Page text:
Is it Mockingbird revisited? In a sense, sort of—but it stands on its own well enough—I had to forget Mockingbird because when this book was written, there was no To Kill a Mockingbird, and I could see that right away. First in line is Atticus. Gregory Peck will forever be the iconic, beloved figure of Atticus Finch, there’s no escaping that stunning Hollywood image—so pitch perfect. It hurt my heart to imagine that he’s going to be found out—and I had to ask myself, how is Scout going to come back from this? I reread Mockingbird during the wait for Watchman to come, and I watched the movie (twice) and after such immersion I knew how Watchman was going to go down—because every child learns eventually that their parents are not gods—they are people—humans. Suddenly we wake up and realize they are not perfect (tho’ some learn that early—every household is different.) Atticus, oh Atticus—you couldn’t remain this wise, thoughtful man—flawless in every way? No. Scout—well, Jean Louise—she was bound to find out that you are what you are—a man named Atticus Finch, a human being—still wise and thoughtful, only with human flaws. He is not a god, and it is terrible to go through life believing in someone only to have them disappoint you—your dream of them is not their reality.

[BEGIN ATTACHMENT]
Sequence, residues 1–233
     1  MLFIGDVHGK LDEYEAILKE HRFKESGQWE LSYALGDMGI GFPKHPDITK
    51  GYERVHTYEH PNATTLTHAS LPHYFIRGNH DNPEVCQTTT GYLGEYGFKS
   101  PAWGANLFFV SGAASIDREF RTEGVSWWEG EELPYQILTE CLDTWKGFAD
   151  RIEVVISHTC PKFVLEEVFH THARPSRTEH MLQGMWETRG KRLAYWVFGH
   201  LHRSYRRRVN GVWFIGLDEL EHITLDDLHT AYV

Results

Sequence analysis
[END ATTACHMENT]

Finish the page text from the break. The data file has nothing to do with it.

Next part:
Change—part of growing up is accepting change. That small town called home changes the moment you leave it—the comfort zone is now uncomfortable—so much of our innocence is lost the moment we depart the nest. I grew up in a small town, an old Erie Canal town, another tired old town that had its day once upon a time, and now its struggling to remain relevant in the contemporary world where everything changes with the latest gadget in hand. All that is left is sentimentality for the sounds and smells of home—but you can’t go home and expect it to be the same. Parents grow old and die. Buildings get knocked down, new ones are raised in their place. Life goes on—if you do go home, it’s to bring something with you to build upon the foundation left behind—one lesson learned, nothing is static.